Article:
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Someone mentioned Chapel Hill - note that they are well known for their _graduate_ programs in computer science, namely in graphics and related fields (i.e. collision detection).

I went to Duke and earned several degrees, including computer science - while Duke is not known for computer science, it is still considered a top-tier school in general. I earned my MS in computer science from NC State. I TA''ed the intro computer science courses at State and will be the first to tell you that I thought the courses at NC State were every bit as difficult as Duke''s, if not harder.

I have always been involved in interviewing programming candidates at all three companies I have worked for, and I will tell you right now that the 15 seconds I give someone when I look at their resume is spent more in job experience than in education. A good college might help you land a better first job (since there is nothing else to look at on your resume), but after that I really don''t think it matters much. Some schmoe from Bob''s U. who knows his stuff in the interview will get the job way before some dumbass from a good university who can''t explain to me what a virtual function is, which happens quite a bit.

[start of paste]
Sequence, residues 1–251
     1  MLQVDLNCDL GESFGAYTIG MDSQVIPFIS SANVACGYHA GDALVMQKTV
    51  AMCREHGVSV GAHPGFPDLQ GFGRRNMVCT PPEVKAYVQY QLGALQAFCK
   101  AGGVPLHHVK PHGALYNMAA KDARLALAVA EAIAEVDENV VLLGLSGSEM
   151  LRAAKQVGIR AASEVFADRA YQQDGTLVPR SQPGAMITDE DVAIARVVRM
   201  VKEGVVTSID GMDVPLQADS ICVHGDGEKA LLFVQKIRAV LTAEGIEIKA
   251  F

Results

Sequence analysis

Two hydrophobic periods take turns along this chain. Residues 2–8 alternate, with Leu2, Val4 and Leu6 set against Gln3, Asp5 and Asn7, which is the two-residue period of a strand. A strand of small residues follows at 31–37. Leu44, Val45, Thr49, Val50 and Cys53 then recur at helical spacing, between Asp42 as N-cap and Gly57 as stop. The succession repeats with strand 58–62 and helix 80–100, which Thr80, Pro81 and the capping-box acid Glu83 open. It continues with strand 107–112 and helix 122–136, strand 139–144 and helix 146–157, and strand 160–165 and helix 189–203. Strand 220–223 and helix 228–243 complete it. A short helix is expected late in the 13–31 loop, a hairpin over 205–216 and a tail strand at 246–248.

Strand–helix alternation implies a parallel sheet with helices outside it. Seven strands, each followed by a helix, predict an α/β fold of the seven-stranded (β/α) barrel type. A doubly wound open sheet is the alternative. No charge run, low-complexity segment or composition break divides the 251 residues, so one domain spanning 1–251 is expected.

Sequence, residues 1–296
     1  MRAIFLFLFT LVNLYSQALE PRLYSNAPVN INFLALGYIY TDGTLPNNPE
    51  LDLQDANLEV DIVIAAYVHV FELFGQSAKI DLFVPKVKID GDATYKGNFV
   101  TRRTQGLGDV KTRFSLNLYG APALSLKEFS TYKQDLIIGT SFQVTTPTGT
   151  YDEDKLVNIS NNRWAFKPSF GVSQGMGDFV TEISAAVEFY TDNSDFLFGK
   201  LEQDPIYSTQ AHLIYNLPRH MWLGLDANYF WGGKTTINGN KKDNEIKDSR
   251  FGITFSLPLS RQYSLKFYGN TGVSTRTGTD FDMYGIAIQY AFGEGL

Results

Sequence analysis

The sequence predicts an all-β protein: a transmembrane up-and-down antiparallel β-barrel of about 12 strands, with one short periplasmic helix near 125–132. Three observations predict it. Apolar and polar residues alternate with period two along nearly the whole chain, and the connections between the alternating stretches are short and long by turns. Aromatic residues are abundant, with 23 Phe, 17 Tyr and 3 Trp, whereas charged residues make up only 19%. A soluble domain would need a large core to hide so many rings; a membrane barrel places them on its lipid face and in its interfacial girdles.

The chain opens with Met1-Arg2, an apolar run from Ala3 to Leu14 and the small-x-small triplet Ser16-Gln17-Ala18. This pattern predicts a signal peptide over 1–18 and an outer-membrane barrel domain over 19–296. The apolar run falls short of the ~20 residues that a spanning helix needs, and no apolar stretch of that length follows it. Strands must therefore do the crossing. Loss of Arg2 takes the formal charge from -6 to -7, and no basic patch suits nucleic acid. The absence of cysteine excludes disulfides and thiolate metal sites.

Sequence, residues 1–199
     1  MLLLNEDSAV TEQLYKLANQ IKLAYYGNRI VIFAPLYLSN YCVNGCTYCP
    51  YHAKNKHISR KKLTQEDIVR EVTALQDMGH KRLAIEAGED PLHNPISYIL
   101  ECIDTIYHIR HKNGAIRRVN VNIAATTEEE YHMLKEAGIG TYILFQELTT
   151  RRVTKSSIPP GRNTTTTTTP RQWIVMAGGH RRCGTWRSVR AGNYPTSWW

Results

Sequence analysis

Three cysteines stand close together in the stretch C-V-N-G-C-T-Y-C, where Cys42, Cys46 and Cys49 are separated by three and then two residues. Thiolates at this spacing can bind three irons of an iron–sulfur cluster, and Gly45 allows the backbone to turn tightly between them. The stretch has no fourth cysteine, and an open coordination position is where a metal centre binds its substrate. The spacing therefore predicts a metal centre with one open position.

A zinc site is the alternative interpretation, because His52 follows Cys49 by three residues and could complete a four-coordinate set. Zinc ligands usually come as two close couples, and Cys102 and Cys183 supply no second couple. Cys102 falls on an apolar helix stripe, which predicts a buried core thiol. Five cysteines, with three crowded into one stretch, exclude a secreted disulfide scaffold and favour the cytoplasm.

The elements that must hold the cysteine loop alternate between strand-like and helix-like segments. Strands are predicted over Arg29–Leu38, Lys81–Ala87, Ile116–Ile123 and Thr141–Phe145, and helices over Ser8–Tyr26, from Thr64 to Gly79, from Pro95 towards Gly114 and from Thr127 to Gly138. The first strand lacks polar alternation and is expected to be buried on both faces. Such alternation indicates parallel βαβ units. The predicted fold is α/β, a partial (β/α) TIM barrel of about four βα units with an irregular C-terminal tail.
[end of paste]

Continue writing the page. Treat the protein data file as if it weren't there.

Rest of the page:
And to be honest, NC State ended up being free, and Duke was greater than 100k.


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My advice (as I think was previously mentioned), get a real degree, either in Computer Science or Software Engineering. Any programmer, with the skills from getting a degree, can be a game programmer providing they have a passion for gaming. However, if you go to a school that just teaches you how to make a game, you''re less likely to come out with valuable skills to get started with an employer. I can''t bash DigiPen or similar schools because I''ve never been to them, this is just my opinion.

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If you''re picking a college, do yourself a favor and go to one of THESE schools:

http://www.usnews.com/usnews/edu/college/rankings/engineering/phd/computer.htm

This a list of the top Computer Engineering schools in the country, but all of these schools have really excellent Computer Science programs as well. Although I''m not sure why Texas A&M is on this list.